Presentation on theme: "Winter Stargazing A guide to exploring the heavens during winter."— Presentation transcript:
Winter Stargazing A guide to exploring the heavens during winter
The Winter Sky
Winter Sky The winter sky offers stargazers many beautiful and prominent constellations, with deep sky objects that you can really enjoy. The winter sky offers stargazers many beautiful and prominent constellations, with deep sky objects that you can really enjoy. Winter represents some of the best viewing of the year. This is because the smog and haze that mask the heavens give way to crystal-clear nights, and the night darkness comes much earlier which is essential when observing. Winter represents some of the best viewing of the year. This is because the smog and haze that mask the heavens give way to crystal-clear nights, and the night darkness comes much earlier which is essential when observing. This is a virtual tour of several of the most prominent and spectacular sights that the winter skies have to offer. This is a virtual tour of several of the most prominent and spectacular sights that the winter skies have to offer. As you make your way through click on the links for further information or interesting facts about different objects. As you make your way through click on the links for further information or interesting facts about different objects.
First Stop: ORION Mythology: According to one legend, Orion was the mightiest hunter of all time. One day, he boasted of being able to defeat any animal on earth. His constant bragging was overheard by Mother Earth, who, fearing that he would destroy every creature, sent a poisonous scorpion to sting Orion on the heel and kill him. But Diana, goddess of the hunt, felt sorry for Orion. To honor him, she placed Orion among the stars.
Orion is jammed packed with cool things to see Look for three equally bright stars in a row, which forms Orion’s belt. To the north lies the bright reddish star Betelgeuse — the left shoulder of Orion. His right shoulder is represented by the star Bellatrix. Below the belt are the stars Rigel, representing Orion's left knee, and Saiph, marking his right knee. Stars come in many different colors, and these colors depend on the stars' temperatures. Our Sun is a yellow star and has a surface temperature of about 11,000 degrees. Compare that to blue-white Rigel, one of the hottest stars known. Rigel's surface temperature is about 23,000 degrees At the other end of the scale is red Betelgeuse. Its surface temperature is only about 5,000 degrees. Hanging from the belt of Orion are the dim stars of his sword. The middle star in the sword is not actually a star at all, but a cloud of glowing hydrogen gas called a nebula. (To learn more follow this link) It is know as the Great Orion Nebula. Deep within, hundreds of stars are forming from the clouds that make up this celestial nursery.Great Orion Nebula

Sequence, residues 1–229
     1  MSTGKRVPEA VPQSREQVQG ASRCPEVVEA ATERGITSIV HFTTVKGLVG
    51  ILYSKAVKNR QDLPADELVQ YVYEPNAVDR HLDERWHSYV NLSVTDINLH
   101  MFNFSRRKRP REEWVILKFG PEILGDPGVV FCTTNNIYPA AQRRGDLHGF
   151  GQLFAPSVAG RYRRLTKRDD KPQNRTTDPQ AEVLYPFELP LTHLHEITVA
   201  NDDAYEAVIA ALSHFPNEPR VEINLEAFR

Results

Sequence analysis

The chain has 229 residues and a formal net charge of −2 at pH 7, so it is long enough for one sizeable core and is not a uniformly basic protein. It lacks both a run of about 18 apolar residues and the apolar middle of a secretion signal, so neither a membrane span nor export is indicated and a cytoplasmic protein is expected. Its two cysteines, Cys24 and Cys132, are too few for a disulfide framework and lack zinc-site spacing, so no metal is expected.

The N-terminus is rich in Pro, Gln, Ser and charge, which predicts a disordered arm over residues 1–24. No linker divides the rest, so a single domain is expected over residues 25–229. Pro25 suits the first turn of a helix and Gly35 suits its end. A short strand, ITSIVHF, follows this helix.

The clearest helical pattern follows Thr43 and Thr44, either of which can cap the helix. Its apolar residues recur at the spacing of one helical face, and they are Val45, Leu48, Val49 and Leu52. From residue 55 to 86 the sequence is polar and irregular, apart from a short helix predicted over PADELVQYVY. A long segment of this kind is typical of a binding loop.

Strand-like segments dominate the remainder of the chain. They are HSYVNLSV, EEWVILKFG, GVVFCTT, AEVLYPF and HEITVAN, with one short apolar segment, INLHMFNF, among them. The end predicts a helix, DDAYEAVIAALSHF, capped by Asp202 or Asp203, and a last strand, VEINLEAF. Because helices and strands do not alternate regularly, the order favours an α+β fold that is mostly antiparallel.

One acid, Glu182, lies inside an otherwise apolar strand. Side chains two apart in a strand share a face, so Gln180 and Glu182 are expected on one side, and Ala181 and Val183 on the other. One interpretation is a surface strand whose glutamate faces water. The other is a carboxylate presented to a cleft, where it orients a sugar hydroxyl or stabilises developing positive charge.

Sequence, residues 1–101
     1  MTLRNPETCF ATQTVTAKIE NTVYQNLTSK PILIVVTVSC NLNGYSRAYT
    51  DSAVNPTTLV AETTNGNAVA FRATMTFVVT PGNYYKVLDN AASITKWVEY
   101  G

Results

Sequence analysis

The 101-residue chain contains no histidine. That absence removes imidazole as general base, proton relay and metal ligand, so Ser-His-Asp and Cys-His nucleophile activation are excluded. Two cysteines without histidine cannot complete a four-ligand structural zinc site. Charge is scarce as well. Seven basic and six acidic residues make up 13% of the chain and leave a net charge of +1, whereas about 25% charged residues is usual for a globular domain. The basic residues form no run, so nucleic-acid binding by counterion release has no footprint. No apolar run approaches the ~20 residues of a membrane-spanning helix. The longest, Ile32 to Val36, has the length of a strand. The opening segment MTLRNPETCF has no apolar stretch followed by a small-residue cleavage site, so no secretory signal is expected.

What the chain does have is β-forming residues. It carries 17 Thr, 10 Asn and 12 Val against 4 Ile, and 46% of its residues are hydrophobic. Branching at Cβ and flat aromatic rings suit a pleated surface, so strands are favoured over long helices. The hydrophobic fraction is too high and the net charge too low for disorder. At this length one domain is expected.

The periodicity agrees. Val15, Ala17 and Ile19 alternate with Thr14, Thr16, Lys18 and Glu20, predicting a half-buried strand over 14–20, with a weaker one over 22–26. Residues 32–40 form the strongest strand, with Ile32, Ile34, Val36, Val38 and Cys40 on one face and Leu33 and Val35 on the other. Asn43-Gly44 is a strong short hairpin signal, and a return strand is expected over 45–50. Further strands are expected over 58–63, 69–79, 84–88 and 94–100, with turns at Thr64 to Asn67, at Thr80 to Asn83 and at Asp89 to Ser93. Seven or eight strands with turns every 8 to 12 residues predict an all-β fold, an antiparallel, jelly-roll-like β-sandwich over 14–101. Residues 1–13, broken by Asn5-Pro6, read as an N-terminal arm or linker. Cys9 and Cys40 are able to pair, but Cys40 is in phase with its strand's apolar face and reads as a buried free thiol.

Second Stop: Taurus the Bull To locate Taurus, draw a line through Orion's belt and extend it to the upper right. You will come to the bright orange star Aldebaran, marking the Bull's eye. The head of Taurus is formed by a V-shape group of stars nicknamed the Hyades. Imaginary lines extend to two stars above its head to create Taurus's long horns.
For Orion, it seems that there is no rest. Even in the sky, we find the Hunter doing battle again, this time with Taurus the Bull. The story goes that Orion is trying to club the Bull over the head in order to save seven sisters who were kidnapped by Taurus. We can still see the sisters trapped in the sky, formed by the tiny cluster of stars known as the Pleiades. Pleiades.
Mythology: Ursa Major actually means "the Great Bear" and Ursa Minor is "the Lesser Bear”. Zeus, King of the Gods of Mt. Olympus, was always disguising himself to sneak into women's bedrooms. One of these women was Callisto. Zeus’ wife became enraged and turned Callisto into a bear that roamed the forests of Arcadia. One day, Callisto, the bear, came face to face with her son Arcas, who was out hunting., saw what was happening, and quickly turned both mother and son into the constellations Ursa Major and Ursa Minor. Hera, was still upset over the whole issue, persuaded the Titans, to forbid the two figures from bathing in their waters, so the two constellations never dip below the horizon. Third Stop: Ursa Major and Minor
Ursa Major and Minor The second star from the end of the Big Dippers handle is called Mizar. On a clear night you might see another much more faint star called Alcor. This is a binary star system, this means that each start rotates around each other. Mizar and Alcor.Mizar and Alcor. By drawing a line from the star Merak and Dabhe (the end of the bowl) and extending it to the north, you will come to Polaris, the North Star. End point of the little dipper. Despite popular belief, Polaris is not the brightest star in the sky, but is special because Polaris is apparently motionless from the Earth, and all the stars of the Northern sky appear to rotate around it. PolarisPolaris
The last stop Andromeda Mythology: According to most legends Cassiopeia angered Poseidon by saying that Andromeda was more beautiful than the nereids. Poseidon the god of the sea then sent a sea monster to prey upon the country; he could be appeased only by the sacrifice of the king's daughter. Andromeda in sacrifice was chained to a rock by the sea; but she was rescued by Persues, who killed the monster and later married her.
Andromeda The most famous deep sky object in Andromeda is M31, the Andromeda Galaxy, the most distant object visible to the naked eye. It is an enormous spiral galaxy much like ours To find the galaxy, draw a line between β and μ Andromedae, and extend the line approximately the same distance again from μ. Andromeda Galaxy.Andromeda Galaxy.